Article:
Already, this work is challenging traditional beliefs about the octopus. For instance, octopuses were once thought to shun contact with other octopuses entirely except while mating and were therefore considered solitary or asocial. But the discovery of two high-density sites in Australia (O. tetricus), dubbed “Octopolis” and “Octolantis,” shows that octopus sometimes co-exists in locations that are well-endowed with coveted resources like den material or prey. The existence of such instances of high-density co-existence makes sense because octopuses can learn by observing each other (known as “social learning”) since such an ability would not be expected to evolve if octopuses were entirely solitary (Fiorito and Scotto, 1992; Scheel et al., 2016). In addition to a general increase in coastal field studies, a steady increase in open-ocean and deep-sea exploration over the past decades has increased the number of known species and forced the realization that the life history and habits (e.g., lifespan, brooding behavior) displayed across this group may be more different than previously thought. Instances of this will likely increase in the next decades since evidence from around the globe suggests that octopuses and other cephalopods are proliferating as a result of climate change (Doubleday et al., 2016). In a more general sense, scientists and philosophers alike have come to realize that octopuses and their coleoid relatives are interesting points of reference with which to compare other animal groups. Despite having diverged from vertebrates over 500 million years ago, coleoids convergently evolved several analogous structures (e.g., a camera eye, a statocyst equilibrium system) and abilities (e.g., long term memory, associative learning) that were once thought to be exclusive to vertebrates.
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Can an Octopus use a tool?
Behaviorally, there is also evidence that octopuses use tools, solve “puzzles,” learn from observing conspecifics, play with objects in their environment, and demonstrate consistent long-term personalities. Anatomically, cephalopods exhibit a higher brain-to-body weight ratio than fish and reptiles, almost equal to that of birds and mammals.
There are also structural convergences on a more fundamental level, such as the existence of activity-dependent long-term potentiation (LTP, a cellular analog of plasticity involved in learning and memory) and the formation of analogous processing networks (e.g., “fan-out/fan-in”).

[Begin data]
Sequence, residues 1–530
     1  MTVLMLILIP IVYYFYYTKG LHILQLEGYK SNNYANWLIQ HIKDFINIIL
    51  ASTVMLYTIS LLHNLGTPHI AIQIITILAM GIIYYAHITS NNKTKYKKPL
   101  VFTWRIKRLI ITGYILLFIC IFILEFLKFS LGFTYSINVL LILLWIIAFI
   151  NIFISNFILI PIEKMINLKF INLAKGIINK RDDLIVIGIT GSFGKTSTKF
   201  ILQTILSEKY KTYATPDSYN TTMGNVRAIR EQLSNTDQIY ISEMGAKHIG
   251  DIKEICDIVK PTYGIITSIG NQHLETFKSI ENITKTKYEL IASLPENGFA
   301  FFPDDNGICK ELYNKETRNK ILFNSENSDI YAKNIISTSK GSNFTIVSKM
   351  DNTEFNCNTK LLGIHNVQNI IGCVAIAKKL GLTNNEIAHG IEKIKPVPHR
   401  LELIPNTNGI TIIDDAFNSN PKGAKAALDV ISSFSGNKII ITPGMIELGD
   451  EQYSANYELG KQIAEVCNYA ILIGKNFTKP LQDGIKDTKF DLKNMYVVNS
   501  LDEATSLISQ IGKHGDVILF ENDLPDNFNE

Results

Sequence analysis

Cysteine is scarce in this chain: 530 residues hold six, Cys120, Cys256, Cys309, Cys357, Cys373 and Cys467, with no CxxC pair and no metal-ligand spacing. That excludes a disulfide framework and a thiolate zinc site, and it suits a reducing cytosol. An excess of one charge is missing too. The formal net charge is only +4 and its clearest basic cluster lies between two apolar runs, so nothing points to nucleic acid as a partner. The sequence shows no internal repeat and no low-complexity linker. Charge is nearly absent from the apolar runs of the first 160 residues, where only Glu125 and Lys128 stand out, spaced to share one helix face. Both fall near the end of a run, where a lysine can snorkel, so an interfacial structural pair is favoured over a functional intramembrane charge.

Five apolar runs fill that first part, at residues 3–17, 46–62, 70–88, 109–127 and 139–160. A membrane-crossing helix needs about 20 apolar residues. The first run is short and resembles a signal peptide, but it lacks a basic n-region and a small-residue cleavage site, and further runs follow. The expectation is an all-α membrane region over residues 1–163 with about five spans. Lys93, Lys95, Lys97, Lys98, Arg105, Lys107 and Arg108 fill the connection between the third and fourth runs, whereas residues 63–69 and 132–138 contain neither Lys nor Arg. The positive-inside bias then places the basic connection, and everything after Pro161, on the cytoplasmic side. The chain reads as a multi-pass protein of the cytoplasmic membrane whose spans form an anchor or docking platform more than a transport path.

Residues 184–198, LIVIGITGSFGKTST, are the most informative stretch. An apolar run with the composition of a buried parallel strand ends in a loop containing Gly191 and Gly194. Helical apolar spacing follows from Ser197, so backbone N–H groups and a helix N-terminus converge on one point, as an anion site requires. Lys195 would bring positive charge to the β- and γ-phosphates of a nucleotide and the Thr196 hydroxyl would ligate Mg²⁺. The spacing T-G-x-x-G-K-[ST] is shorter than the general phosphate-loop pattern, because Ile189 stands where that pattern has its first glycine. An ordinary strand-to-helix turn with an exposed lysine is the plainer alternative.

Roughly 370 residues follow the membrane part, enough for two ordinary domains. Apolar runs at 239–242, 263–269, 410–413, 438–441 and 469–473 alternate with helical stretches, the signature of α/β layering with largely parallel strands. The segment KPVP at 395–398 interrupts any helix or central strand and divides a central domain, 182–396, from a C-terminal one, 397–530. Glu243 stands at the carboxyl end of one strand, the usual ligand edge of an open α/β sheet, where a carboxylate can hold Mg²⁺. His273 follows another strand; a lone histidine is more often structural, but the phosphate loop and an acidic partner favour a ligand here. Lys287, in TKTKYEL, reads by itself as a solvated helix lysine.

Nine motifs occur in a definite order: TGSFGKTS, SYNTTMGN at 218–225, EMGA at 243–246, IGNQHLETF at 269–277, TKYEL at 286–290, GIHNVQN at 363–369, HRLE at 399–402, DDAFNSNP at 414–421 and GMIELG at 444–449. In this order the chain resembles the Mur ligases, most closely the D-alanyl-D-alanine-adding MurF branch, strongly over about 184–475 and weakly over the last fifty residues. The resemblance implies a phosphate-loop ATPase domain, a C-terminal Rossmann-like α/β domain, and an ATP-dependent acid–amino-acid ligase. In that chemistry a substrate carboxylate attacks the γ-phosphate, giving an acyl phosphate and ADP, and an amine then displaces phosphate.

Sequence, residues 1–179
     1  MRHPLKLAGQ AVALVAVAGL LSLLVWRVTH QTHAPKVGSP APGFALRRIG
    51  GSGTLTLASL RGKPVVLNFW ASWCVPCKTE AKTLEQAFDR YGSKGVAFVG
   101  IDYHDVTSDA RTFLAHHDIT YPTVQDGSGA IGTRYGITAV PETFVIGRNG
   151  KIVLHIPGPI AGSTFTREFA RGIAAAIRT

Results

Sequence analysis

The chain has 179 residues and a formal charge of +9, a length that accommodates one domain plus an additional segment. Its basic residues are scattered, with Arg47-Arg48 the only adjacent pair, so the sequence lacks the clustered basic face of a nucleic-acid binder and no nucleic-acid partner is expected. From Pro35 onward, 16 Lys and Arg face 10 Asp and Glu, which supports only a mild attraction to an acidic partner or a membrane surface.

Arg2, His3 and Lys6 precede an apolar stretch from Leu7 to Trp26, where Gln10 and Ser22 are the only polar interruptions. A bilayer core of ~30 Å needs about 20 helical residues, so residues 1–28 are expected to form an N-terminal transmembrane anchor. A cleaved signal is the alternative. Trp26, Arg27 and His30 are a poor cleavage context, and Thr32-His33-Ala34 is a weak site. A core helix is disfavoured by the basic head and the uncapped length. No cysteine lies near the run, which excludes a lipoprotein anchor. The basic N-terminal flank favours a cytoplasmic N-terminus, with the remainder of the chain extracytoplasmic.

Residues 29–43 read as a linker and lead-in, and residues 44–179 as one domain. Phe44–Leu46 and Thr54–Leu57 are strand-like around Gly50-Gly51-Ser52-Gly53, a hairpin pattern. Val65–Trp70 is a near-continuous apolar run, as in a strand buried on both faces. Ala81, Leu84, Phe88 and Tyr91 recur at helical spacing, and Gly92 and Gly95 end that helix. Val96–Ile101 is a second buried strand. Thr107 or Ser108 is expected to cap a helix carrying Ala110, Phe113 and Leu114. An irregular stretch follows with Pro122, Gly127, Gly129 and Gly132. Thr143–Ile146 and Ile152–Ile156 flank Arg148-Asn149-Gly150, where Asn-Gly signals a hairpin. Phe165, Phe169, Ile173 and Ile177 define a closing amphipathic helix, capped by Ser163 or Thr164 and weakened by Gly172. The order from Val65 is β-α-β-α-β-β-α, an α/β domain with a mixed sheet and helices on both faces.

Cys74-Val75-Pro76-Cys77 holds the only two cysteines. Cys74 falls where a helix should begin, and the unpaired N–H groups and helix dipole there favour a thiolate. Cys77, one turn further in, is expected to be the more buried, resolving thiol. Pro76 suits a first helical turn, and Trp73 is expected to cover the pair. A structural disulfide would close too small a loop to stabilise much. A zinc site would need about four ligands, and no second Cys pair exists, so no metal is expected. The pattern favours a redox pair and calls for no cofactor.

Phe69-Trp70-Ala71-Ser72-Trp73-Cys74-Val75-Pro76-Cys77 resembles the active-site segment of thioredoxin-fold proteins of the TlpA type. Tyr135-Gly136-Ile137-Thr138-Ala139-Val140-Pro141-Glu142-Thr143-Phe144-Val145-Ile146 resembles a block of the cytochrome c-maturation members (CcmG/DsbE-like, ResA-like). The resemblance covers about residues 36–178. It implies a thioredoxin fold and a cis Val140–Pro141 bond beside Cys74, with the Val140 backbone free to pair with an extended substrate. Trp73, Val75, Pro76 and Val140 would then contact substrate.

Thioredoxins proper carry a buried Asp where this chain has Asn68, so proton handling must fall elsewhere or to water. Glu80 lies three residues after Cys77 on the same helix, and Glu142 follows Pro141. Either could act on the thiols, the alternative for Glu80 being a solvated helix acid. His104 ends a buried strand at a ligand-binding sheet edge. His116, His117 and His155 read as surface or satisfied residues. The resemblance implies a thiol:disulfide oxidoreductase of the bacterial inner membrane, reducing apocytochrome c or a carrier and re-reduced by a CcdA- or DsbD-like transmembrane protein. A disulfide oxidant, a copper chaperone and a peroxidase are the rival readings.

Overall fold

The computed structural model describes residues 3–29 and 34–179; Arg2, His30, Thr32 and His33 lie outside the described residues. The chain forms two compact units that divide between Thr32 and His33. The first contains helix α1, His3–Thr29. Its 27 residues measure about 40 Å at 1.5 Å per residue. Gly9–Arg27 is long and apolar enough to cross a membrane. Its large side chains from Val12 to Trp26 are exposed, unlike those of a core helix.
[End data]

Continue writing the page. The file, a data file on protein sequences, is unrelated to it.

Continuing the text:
The existence of cognitive and behavioral sophistication in such a distantly-related group of “primitive” invertebrate mollusks has also forced a reconsideration of the assumption that only mammals and birds can exhibit intelligence and suggests that it may have evolved independently multiple times and in various lineages. In addition to the evolutionary convergence between vertebrates and cephalopods, there are also some instructive differences. Octopuses sometimes accomplish the same feats as vertebrates via alternative mechanisms, demonstrating that the pattern evolved in vertebrates is not the only evolutionary “solution” to a particular challenge. For instance, unlike mammals and other vertebrates, which have a somatotopic relationship (point-for-point correspondence) between locations on the body and the somatosensory cortex of the brain (the “homunculus”), octopuses seem to lack any such arrangement, indicating a fundamentally different underlying neural organization (Zullo et al., 2009). However, some recent behavioral and neuroscience studies offer potential challenges to this view.
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Three hearts, a massive brain, and blue blood, they navigate unlike anything else. The earliest octopus fossil is Pohlsepia, which swam the oceans 296 million years ago.
More Research Is Required
In order to know if octopuses possess somatotopic maps in the central nervous system and to understand the extent of their proprioception (Tytell, 2010). Finally, unlike mammals and birds, essential skills and information are learned a new by each generation, as there is no parental care of the young, and thus no opportunity to pass knowledge and learned over the course of a lifetime from one generation to the